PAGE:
Interest money

Bookman: The floodgates open for special money during the session

Allow me to introduce Jeff Mullis, Chairman of the Georgia State Senate Rules Committee and one of the most powerful people in Georgian politics.

If you want a bill passed, you have to go through Mullis. As Rules Chairman, he pretty much decides if and when a bill gets a vote in the Senate. Conversely, if you oppose a certain bill and want to make sure it dies quietly, Mullis is the man who can arrange that outcome as well.

Think of him as the butler of the Senate, the man who stands at the door and decides who gets a place to dine and who doesn’t.

That’s a lot of power, and it helps explain why Mullis has raised more than $800,000 in PAC contributions from businesses since 2015, which is a pretty healthy sum for a state lawmaker in a safe neighborhood.

Mullis was also the sponsor of Senate Bill 221, which Governor Brian Kemp quietly signed into law recently. When introducing his bill to the Senate in February, Mullis described SB 221 as the “Political Expenditure Transparency Act,” calling it a non-partisan, “completely bipartisan” bill and promising it would help stop the flow of so-called “dark money” from covert sources that sometimes pours into political campaigns .

Let me assure you: SB 221 is none of that. Believing that Mullis wants to clean up campaign finance in Georgia is like believing that a butler wants to eliminate tipping.

So what does the SB 221 really do?

Under longstanding Georgian law, Mullis and other state officials were barred from accepting campaign contributions during the legislative session. They can take money before the session; they can take money after the session. But for those three or four months at the start of each year, when they actively debate and vote on legislation, the flow of campaign money has to stop.

You can understand why a rules committee chair might find that frustrating, right? With all those bills under his control, his ability to monetize that power is stunted to say the least.

Well, under SB 221, the majority and minority caucus in the House and the minority and majority caucus in the Senate can each create two “steering committees,” under the control of designated legislators, who can accept campaign donations even during the session. That makes eight such committees. Individual legislators are still prohibited from receiving donations, but committees are not.

And I’m not saying it’s going to happen, but a Standing Orders Chair who has control of such a committee would be perfectly placed to wring the arms of lobbyists and special interests for big bucks in such a system. And if that idea never occurred to Mullis personally, I bet someone points it out to him very soon.

And what do I mean by “lots of money?”

Well, let me quote SB 221, which states that campaign contribution limits are already provided for in Georgia law”does not apply to contributions to an executive committee.

It’s true: with Kemp’s signature on SB 221, there’s literally no limit on how much a person can donate to such a committee. Altria, the tobacco company formerly known as Phillip Morris, donated the legal maximum of $2,800 to Mullis last year, but can now donate an unlimited amount, during the legislative session, to a “committee leadership” headed by Mullis. The Georgia Professional Sports Integrity Alliance PAC, which lobbies for the legalization of sports betting in Georgia, also gave Mullis $2,500 before the last legislative session, but now could give an unlimited amount to a “steering committee” that Mullis was directing, and doing so during the session itself.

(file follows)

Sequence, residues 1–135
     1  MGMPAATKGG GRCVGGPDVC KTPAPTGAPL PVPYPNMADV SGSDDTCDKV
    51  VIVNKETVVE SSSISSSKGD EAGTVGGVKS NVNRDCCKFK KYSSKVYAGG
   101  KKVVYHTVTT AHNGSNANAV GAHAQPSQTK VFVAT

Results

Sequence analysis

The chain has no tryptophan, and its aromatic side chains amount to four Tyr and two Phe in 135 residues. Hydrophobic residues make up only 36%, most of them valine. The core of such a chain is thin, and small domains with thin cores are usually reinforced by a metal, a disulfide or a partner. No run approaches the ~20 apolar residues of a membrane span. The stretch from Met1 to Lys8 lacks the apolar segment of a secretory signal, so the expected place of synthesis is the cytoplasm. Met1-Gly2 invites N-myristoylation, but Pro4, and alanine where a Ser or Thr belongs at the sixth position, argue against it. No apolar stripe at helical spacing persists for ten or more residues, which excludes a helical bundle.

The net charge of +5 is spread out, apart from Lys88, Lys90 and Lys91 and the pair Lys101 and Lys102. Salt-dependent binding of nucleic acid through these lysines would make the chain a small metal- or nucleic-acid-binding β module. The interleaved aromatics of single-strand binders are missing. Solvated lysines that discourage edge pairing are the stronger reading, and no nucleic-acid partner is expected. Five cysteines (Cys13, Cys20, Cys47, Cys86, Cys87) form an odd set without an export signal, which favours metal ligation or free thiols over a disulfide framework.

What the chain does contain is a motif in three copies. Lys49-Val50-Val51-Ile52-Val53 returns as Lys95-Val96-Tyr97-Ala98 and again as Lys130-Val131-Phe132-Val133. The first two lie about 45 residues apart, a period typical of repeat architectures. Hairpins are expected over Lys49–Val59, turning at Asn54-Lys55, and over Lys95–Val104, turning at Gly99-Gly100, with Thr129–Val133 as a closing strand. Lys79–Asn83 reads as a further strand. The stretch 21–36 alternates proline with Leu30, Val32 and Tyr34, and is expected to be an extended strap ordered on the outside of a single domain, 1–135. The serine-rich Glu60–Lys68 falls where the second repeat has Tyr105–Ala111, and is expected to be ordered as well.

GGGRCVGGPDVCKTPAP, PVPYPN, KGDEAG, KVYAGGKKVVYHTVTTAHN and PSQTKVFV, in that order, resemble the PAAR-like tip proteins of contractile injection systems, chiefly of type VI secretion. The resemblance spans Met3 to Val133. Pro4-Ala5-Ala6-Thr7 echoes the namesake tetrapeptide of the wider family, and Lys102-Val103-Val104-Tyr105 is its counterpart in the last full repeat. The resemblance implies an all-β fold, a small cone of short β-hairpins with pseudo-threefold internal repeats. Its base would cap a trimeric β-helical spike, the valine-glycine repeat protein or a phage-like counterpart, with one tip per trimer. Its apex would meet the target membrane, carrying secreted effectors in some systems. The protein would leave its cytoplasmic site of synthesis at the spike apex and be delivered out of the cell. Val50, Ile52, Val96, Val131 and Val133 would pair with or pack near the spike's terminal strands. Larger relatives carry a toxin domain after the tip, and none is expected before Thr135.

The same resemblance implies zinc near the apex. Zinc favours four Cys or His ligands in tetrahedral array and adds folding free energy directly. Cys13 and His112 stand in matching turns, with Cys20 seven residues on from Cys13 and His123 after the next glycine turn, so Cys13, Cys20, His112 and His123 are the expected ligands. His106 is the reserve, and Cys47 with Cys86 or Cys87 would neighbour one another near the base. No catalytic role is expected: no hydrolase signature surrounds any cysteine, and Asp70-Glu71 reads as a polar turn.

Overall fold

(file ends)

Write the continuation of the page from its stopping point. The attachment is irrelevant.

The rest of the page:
(Under SB 221, the governor, lieutenant governor, and nominees for those positions may also establish “directing committees” to receive unlimited contributions during the session.)

And while Mullis might point out that all contributions should at least be reported to the public by the steering committee — “transparency,” remember? – it will not mention that there are obvious, simple and legal ways to circumvent this requirement. As State Senator Jen Jordan, a Democrat from Atlanta, pointed out during the floor debate, unlimited funds can be donated anonymously to a legal nonprofit entity known as a 501(c) (4), who then passes this money on to the “management committee” without anyone knowing where the money came from.

Well, the generous donor would know. And the grateful recipient “steering committee” would know that without a doubt. But Georgian voters wouldn’t know that.

The silent passage and enactment of SB 221 tells us several things beyond the sincerity of Mullis’ concern for ethical governance. This tells us that Republicans in Georgia are afraid of what the future holds. They are scared of the 2020 election, scared of the changing Georgian electorate, and scared of the ability of Stacey Abrams and the Georgia Democrats to raise big money from an army of small donors. So they turn on the taps so the big money special interests can get through.

It also reminds us of the wisdom to ignore what people say and instead watch what they do. Over the past few weeks, Republicans here in Georgia and nationally have made quite a show of declaring their independence from “woke corporations” and corporate PAC money, claiming that they are now the party of American workers and suggesting that the days of a “special relationship” between big special interests and the GOP are now over.

But while they ostensibly slam the front door on such deals, they quietly open an even bigger back door.